It has been a truly unique year, nowhere more so than in the world of music, there have been highs and lows with some incredible gigs, some brilliant new music, but we’ve also said farewell to a number of musical icons. So, lets attempt to wrap it all up, with plenty links to the individual articles mentioned, as we look back at the past year.
To listen to on Spotify while you read: The Garage Flower’s 2016
As most years do, 2016 started in January, and perhaps the most shocking news that David Bowie had passed away. The news, on January 11th, sent shockwaves around the world and internationally people mourned the death of one of the most influential artists of all time. In the UK, we celebrated one of our finest exports that this country had ever presented to the world, looking back at famous performances and influenced that stretch beyond music to popular culture and almost every 1970s and 80s household. My first article of the year on this was a difficult one, it was a fantastic honour that it was so popular.
The tragic news didn’t subside, though, at the other end of the musical spectrum, a young band from Warrington with careers making music ahead of them were killed in a horrific motorway bridge accident in Sweden. Viola Beach had been around on the support circuit for a while now, I’d been lucky to see them and there was an awesome sense of enjoyment that came from the stage when they performed. Happy and talented, they were carving their way into the eyes and ears of crowds and had barely started when they were taken in February. It was at Leeds Festival later in the year, with a tribute to “the Boys That Sing”, where it really hit home how they’d be on stage there and not just on the screens either side. In the industry, it was cause for the delay of then up and coming band Blossoms’ EP ‘At Most A Kiss’ – it was far from the last we’d hear of them this year, plenty would have predicted their rise throughout 2016. It was my very next article, a review of a gig at Manchester’s Albert Hall that they really started to make waves, a crowd seemed a little less hopefully and a little more expectant, word had spread from the EP and tickets had flew out late. Never had a band suited a venue more. In March, they played in Liverpool, too.
April, and Bobby Gillespie stood above the front rows, again at The Albert Hall, as Primal Scream showed-off their new album on April 4th. ‘Chaosmosis’ had been successful in amalgamating all of their genres, and the generational span was wide that night. A band that had soundtracked my early teenage years were to call it a day a few days later. Not for a lack of trying though, The Enemy published a message in which Tom Clarke said that, “there is without doubt less room for bands on the airwaves these days and whereas once acts used to be able to get their big break on a sixth record, in this climate radio and the media is bored of them by their third”, something to think about there.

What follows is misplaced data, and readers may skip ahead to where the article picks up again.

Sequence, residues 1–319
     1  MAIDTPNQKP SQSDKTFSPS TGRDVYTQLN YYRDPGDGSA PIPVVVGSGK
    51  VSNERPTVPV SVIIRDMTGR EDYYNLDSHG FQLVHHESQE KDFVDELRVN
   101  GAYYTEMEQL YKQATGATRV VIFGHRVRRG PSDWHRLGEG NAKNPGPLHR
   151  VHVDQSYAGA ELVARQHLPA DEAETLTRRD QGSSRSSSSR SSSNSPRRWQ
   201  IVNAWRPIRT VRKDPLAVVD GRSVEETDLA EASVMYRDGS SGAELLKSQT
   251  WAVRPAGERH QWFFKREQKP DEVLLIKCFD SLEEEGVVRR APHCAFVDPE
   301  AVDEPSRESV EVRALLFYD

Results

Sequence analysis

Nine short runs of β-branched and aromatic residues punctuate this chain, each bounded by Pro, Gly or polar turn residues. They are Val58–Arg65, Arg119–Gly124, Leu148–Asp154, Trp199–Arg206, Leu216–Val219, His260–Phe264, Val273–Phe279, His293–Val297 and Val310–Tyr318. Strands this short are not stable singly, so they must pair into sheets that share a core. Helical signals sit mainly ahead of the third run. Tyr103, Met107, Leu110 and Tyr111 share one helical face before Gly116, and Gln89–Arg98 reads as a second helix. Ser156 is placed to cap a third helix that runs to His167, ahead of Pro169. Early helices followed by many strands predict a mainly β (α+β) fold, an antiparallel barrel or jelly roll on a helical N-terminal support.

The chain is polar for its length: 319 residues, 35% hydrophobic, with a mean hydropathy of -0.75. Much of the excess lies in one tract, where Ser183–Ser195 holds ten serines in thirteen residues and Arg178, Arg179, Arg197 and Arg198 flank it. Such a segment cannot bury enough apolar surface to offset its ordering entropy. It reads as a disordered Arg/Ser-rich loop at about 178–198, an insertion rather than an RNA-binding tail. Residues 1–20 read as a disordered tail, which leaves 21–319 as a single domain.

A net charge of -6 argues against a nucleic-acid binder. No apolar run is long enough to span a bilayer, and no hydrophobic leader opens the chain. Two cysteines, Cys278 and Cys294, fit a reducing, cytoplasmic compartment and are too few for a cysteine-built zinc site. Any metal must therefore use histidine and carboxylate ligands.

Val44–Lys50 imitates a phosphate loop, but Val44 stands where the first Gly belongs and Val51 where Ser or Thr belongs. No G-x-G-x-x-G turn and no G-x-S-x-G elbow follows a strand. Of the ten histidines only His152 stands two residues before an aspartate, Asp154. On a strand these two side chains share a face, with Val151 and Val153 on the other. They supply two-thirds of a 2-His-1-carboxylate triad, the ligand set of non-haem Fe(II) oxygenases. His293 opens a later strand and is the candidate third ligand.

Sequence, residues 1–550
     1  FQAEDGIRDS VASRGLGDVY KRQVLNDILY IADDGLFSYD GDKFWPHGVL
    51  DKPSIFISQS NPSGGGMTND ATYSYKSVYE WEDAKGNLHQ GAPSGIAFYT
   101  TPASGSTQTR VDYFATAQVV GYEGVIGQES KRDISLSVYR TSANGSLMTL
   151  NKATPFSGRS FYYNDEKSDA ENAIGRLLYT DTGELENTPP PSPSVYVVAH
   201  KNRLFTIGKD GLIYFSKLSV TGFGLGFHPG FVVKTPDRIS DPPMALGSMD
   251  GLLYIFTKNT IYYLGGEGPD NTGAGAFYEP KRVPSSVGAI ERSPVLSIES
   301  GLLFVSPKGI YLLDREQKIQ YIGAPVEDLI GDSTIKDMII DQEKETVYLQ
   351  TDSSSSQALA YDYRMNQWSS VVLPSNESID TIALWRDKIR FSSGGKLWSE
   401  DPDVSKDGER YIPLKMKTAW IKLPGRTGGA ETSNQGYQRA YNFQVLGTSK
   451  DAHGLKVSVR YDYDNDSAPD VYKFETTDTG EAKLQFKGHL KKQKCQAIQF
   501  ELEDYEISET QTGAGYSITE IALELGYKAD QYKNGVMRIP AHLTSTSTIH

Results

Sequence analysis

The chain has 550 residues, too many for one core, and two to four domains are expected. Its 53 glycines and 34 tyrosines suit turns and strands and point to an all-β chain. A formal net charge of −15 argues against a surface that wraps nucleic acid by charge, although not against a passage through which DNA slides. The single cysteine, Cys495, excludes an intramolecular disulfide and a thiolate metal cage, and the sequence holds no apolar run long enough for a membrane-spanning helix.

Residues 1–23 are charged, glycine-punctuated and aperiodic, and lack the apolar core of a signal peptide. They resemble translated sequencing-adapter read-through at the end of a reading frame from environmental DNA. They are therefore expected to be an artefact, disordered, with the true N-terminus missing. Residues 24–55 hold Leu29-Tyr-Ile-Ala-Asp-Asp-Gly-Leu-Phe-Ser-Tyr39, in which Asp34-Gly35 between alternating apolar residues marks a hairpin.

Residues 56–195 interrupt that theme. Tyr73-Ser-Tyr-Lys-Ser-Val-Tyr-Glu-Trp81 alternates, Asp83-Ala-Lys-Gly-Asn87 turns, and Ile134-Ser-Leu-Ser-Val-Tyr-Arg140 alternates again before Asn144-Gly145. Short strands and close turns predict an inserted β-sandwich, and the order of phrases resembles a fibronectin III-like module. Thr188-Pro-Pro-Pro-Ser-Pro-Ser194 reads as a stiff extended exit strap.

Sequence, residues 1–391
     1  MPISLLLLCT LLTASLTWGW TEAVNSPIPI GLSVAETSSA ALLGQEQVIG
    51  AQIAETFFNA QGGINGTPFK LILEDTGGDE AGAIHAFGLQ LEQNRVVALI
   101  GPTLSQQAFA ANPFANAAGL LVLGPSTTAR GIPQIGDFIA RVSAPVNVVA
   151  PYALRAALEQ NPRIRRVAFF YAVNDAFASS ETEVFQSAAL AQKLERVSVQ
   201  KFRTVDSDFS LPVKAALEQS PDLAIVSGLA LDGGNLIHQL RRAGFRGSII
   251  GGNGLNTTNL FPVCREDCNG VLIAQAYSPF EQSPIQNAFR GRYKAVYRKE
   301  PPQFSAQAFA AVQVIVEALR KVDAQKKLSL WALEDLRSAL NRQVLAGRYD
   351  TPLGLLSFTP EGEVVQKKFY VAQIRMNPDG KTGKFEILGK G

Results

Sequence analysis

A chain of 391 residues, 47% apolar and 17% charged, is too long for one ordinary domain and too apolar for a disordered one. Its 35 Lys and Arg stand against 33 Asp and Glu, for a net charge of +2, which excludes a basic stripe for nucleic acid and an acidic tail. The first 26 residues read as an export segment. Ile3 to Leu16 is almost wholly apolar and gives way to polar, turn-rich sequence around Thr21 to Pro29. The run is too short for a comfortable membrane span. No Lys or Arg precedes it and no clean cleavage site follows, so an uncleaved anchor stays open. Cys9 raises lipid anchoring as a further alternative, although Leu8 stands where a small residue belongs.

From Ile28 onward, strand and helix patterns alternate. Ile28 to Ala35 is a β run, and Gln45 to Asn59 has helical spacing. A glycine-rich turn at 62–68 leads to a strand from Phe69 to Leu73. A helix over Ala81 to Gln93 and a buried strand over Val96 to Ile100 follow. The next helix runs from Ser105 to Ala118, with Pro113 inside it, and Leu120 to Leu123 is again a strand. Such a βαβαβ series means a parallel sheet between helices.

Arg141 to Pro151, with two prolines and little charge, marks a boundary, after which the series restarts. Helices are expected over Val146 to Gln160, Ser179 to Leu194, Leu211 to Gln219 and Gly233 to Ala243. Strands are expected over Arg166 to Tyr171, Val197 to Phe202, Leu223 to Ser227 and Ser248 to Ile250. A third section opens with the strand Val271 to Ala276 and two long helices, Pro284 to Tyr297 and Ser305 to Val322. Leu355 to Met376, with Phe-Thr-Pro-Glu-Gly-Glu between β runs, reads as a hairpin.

Later in April we would lose another legend, Prince passed away aged 57 on the 21st. The man that sung of of the best opening lines ever in ‘Sign O’ The Times’ was too celebrated internationally. By now, only a third into the year we had had enough musical talent taken to last significantly longer.
Of course, The Stone Roses arrived on cue in June with their unprecedented nights at the Etihad Stadium. Arguably the gig(s) of the year, I went on the Saturday night. From the bass of I Wanna Be Adored to the shimmer of Reni’s drums at the back end of I Am The Resurrection it was a memorable night. It might not have been as exclusive as those dates at Heaton Park in 2012 were, but for those that weren’t lucky enough to get to those gigs, this was a mass celebration. This time they were armed with two new songs, and later in 2016 they announced more gigs for next year, of course I’ll be at Hampden Park too, an unbelievable Round 4.
The back end of July, and another successful Kendal Calling. Madness, Catfish and The Bottlemen, Maximo Park and Blossoms, to name a few, and the small matter of Noel Gallagher and his High Flying Birds with one of the most memorable headline sets the site has ever seen. With a growing capacity, seldom is there a music fan found in the North that hasn’t heard of KC and neither should there be anywhere in the country. The ever-present Blossoms released their debut album in August, with a hugely credible reception. New music from favourites The Courteeners, too. ‘The 17th’ their first single from their upcoming album. Branching out to Leeds in late August was a 2016 highlight, the preview couldn’t ever have predicted what was to come over the weekend. Leeds Festival had long been the rough and ready festival in the UK, and with Biffy Clyro the first headliner it was all action, from obscure heavy metal to fresh new sounds from the likes of The Sherlocks and The Vryll Society as well as from the BBC Introducing stage. The Courteeners, Red Hot Chili Peppers and Maximo Park were amongst the best from the weekend. Next year is almost a certainty.